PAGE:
WRECK OF THE HURON-NOVEMBER 24, 1877. Extract from a lecture by the Rev. T. De Wirt Talmage, at the Brooklyn Tabernacle.

A few days ago there went out from our Brooklyn Navy Yard a man-of-war, the Huron. She steamed down to Hampton Roads, dropped anchor for further orders, and then went ou southward-one hundred and thirty-six souls on boardand the life of the humblest boy in sailor's jacket as precious as the life of the cominander.

There were storms in the air, the jib-stay had been carried away, but what cares such a monarch of the deep for a hurricane! All's well at twelve o'clock at night! Strike eight bells! All's well at one o'clock in the morning! Strike two bells! How the water tosses from the iron prow of the Huron as she seems moving irresistibly on! If a fishing smack came in her way she would ride it down and not know she touched it.

But, alas! through the darkness she is aiming for Nag's Hlead! What is the matter with the compasses? At one o'clock and forty minutes there is a harsh grating on the bottom of the ship, and the cry goes across the ship, “What's the matter?” Then the sea lifts up the ship to let her fall on the breakers-shock! shock! shock! The dreadful command of the captain rings across the deck and is repeated among the hammocks, "All hands save the ship!" Then comes the thud of the axe in answer to the order to cut away the mast. Overboard go the guns. They are of no use in this battle with the wind and wave.

Heavier and heavier the vessel falls till the timbers begin to crack. The work of death goes on, every surge of the sea carrying more men from the forecastle, and reaching up its briny fingers to those hanging in the rigging. Numb and frozen, they hold on and lash themselves fast, while some, daring each other to the undertaking, plunge into the beating surf and struggle for the land. Oh, cruel sea! Pity them, as bruised, and mangled, and with broker bones, they make desperate effort for dear life. For thirty miles along the beach the dead of the Huron are strewn, and throughout the land there is weeping and lamentation and great woe.

A surviving officer of the vessel testifies that the conduct of the men was admirable. It is a magnificent thing to see a man dying at his post, doing his whole duty. It seems that every shipwreck must give to the world an illustration of the doctrine of vicarious sacrifice-men daring all things to save their fellows. Who can see such things without thinking of the greatest deed of these nineteen centuries, the pushing out of the Chieftain of the universe to take the human race off the wreck of the world?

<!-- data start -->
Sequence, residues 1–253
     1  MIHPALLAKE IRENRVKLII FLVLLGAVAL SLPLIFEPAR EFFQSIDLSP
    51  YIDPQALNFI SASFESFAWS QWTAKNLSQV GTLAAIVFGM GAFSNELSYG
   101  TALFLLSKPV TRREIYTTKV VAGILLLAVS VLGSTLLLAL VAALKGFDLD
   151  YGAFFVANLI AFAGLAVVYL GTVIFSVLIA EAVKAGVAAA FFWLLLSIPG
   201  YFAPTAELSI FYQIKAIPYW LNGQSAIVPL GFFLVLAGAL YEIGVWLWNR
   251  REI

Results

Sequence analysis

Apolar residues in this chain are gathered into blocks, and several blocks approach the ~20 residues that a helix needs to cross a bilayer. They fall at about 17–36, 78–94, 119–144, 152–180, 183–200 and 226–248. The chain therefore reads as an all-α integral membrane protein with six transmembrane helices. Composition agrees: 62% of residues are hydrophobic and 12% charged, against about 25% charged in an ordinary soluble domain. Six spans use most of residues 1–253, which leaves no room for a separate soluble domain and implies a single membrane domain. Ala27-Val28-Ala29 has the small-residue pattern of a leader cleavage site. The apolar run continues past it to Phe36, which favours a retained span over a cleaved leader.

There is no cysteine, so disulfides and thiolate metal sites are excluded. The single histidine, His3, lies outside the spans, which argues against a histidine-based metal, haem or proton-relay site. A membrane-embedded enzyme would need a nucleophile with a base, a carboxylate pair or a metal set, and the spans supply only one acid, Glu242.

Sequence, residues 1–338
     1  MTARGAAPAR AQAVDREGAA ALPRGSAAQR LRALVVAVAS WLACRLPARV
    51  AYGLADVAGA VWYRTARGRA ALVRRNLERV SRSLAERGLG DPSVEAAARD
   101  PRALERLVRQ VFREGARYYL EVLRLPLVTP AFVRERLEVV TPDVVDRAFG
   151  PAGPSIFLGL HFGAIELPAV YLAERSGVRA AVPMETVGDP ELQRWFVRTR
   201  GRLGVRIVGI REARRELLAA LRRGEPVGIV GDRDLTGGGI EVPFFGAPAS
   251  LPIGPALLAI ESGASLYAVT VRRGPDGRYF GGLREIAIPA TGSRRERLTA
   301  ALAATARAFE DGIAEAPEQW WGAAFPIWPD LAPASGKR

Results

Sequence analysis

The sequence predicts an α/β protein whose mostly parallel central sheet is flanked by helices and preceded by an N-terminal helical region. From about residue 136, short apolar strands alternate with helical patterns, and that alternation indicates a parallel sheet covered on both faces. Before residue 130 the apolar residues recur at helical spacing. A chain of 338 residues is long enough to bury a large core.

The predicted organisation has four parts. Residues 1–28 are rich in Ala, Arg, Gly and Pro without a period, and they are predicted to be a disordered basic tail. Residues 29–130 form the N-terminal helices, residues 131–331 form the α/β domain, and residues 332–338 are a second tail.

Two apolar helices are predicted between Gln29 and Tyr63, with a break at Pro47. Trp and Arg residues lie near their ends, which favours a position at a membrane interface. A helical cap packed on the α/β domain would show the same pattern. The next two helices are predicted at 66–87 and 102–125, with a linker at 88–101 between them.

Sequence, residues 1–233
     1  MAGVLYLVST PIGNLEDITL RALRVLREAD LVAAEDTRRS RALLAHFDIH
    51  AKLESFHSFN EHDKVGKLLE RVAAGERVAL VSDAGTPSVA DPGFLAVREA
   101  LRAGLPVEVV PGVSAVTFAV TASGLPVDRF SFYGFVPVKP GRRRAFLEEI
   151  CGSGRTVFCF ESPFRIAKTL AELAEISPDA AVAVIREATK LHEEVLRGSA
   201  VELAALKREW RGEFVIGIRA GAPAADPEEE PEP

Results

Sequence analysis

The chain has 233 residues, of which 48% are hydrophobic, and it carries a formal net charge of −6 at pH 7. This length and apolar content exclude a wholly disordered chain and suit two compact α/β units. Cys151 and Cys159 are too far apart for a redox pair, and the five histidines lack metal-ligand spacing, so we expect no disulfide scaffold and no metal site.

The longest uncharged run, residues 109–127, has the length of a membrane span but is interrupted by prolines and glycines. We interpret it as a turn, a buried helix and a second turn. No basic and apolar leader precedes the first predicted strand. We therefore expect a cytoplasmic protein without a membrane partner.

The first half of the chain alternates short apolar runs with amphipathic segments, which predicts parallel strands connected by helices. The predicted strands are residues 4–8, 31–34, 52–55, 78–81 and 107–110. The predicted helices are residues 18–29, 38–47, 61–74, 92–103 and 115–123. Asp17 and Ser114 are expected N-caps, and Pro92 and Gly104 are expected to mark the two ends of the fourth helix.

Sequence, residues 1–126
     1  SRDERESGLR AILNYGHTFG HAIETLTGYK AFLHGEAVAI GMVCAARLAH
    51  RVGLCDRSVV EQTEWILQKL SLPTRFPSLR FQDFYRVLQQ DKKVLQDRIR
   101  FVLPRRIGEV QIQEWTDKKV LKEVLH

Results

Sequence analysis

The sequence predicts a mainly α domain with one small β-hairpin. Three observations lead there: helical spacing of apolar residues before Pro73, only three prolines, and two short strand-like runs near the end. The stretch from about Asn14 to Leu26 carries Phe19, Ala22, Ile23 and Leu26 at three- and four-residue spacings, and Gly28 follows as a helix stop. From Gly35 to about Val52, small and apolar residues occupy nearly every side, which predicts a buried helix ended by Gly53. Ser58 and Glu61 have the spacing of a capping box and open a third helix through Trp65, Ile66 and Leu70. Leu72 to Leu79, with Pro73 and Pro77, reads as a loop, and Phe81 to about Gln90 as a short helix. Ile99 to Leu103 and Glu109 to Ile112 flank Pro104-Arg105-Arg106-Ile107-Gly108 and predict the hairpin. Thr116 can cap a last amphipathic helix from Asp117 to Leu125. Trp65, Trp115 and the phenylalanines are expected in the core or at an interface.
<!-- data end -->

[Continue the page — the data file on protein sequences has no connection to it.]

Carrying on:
Mine cracious! Mine cracious! shust look here und see
A Deutscher so habby as habby can pe.
Der beoples all dink dat no prains I haf got,
Vas grazy mit trinking, or someding like

Id vasn't pecause I trinks lager und vine,
Id vas all on aggount off dot baby off mine.
Dot schmall leedle vellow I dells you vas qveer;
Not mooch pigger roundt as a goot glass off beer,
Mit a bare-footed hed, and nose but a schneck,
A mout clot goes most to der pack off his neck,
Und his leedle pink toes mit der rest all combine
To gife sooch a charm to dot baby off mine.
I dells you dot baby vas von off der poys,
Und beats leedle Yawcop for making a noise;
He shust has pecun to shbeak goot English, too,
Says “mama," und " bapa," und somedimes “ah-goo!"
You don'd find a baby den dimes out off nine
Dot vos qvite so schmart as dot baby off mine.
He grawls der vloor ofer, und drows dings aboudt,
Und poots efryding he can find in his mout;
He dumbles der slitairs down, und falls vrom his chair,
Und gifes mine Katrina von derrible sckare;
Mine hair shtands like shquills on a mat borcubine
Ven I dinks off dose pranks off dot baby off mine.
Dere vas someding, you pet, I don'd likes pooty vell;
To hear in der nighdt-dimes dot young Deutscher yell,
Und dravel der ped-room midout many clo'es
Vhile der chills down der shpine off mine pack quickly goes;
Dose leedle shimnasdic dricks vasn't so fine,
Dot I cnés onpat righdt mit dot baby off mine.
* See No. 13, puge jt.